You are here

Verb phrases

Level: beginner

Verbs in English have four basic parts:

 Base form   -ing form    Past tense   Past participle 
work working worked worked
play playing played played
listen listening listened listened

Most verbs are regular: they have a past tense and past participle with –ed (worked, played, listened). But many of the most frequent verbs are irregular.

Level: beginner

Basic parts

Verbs in English have four basic parts:

 Base form   -ing form    Past tense   Past participle 
work working worked worked
play playing played played
listen listening listened listened

Most verbs are regular: they have a past tense and past participle with –ed (worked, played, listened). But many of the most frequent verbs are irregular.

Verb phrases

Verb phrases in English have the following forms:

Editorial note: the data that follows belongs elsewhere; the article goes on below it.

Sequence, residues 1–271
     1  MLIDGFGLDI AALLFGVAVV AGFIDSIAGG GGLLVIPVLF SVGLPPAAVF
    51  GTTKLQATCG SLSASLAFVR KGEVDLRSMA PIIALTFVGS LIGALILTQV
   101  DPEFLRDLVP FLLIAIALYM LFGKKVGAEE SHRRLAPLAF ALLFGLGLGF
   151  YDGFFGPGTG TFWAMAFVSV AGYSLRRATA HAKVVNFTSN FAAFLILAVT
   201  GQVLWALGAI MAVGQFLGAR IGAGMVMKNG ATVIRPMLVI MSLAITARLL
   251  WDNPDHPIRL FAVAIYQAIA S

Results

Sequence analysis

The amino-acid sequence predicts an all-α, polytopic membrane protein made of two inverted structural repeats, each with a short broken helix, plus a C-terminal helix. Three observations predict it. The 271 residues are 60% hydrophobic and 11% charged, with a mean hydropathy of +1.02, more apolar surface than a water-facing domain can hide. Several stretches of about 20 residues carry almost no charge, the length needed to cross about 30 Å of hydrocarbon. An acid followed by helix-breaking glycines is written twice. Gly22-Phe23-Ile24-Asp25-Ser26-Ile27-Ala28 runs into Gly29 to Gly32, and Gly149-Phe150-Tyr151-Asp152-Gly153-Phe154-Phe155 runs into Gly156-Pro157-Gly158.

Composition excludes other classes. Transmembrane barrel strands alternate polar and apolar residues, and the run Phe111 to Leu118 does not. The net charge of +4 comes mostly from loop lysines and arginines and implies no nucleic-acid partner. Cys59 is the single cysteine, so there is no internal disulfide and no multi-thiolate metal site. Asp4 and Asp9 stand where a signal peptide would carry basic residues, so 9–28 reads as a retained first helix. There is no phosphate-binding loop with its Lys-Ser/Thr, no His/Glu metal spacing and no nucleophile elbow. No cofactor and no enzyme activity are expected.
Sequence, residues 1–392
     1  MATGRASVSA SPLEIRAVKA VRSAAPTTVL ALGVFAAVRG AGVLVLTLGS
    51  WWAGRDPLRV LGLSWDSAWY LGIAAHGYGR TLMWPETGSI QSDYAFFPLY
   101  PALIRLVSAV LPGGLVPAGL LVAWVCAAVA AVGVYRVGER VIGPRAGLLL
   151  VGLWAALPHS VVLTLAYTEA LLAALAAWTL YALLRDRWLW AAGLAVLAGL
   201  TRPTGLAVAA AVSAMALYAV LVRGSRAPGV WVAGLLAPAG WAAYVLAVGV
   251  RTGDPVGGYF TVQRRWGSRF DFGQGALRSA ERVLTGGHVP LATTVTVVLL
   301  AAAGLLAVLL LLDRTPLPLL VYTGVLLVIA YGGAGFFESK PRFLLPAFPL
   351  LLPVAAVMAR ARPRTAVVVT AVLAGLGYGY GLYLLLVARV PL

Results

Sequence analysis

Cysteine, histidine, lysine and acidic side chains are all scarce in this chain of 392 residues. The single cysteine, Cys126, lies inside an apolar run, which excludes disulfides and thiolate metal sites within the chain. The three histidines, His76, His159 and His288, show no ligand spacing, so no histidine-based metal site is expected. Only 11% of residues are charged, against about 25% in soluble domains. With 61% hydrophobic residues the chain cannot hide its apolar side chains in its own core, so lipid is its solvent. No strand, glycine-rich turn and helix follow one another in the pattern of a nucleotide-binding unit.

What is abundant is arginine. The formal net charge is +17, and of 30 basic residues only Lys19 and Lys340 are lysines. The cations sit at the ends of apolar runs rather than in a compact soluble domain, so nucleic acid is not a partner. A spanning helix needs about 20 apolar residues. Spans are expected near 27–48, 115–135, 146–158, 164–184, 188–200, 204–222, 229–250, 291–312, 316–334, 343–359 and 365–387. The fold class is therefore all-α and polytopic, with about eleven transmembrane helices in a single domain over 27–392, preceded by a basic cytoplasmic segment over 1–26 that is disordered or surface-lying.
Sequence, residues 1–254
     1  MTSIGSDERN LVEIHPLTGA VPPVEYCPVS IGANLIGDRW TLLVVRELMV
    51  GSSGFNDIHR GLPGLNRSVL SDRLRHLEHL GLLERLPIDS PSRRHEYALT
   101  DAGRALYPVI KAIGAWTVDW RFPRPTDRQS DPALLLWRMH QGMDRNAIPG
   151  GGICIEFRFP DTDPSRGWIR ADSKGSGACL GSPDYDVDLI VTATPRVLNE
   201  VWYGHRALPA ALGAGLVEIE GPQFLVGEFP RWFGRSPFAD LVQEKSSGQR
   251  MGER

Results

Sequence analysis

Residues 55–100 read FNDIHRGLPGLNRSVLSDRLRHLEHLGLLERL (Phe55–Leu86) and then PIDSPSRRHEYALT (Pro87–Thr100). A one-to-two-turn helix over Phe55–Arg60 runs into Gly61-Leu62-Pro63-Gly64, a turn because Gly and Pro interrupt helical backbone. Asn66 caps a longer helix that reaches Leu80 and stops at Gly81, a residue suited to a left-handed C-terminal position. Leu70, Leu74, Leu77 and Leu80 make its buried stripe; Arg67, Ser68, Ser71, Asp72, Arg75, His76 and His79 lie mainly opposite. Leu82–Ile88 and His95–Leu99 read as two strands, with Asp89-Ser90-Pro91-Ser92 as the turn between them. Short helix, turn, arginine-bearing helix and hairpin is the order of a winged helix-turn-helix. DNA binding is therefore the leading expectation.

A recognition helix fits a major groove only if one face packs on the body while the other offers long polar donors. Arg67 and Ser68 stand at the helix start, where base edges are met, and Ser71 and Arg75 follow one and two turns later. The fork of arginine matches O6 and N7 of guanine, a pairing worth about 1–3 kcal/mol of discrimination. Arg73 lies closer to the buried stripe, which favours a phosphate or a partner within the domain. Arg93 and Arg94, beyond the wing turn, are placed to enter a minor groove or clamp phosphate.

1. main verb:
  main verb  
We are here.
I like it.
Everybody saw the accident.
We laughed.  

The verb can be in the present tense (are, like) or the past tense (saw, laughed).

  1. the auxiliary verb be and a main verb in the –ing form:
  auxiliary be -ing form
Everybody is watching.
We were laughing.

A verb phrase with be and –ing expresses continuous aspect. A verb with am/is/are expresses present continuous and a verb with was/were expresses past continuous.

  1. the auxiliary verb have and a main verb in the past participle form:
  auxiliary have past participle  
They have enjoyed themselves.
Everybody has worked hard.
He had finished work.

A verb phrase with have and the past participle expresses perfect aspect. A verb with have/has expresses present perfect and a verb with had expresses past perfect.

  1. modal verb (can, could, may, might, must, shall, should, will, would) and a main verb:
  modal verb main verb
They will come.
He might come.
The verb phrase 1

MultipleChoice_MTYxNjA=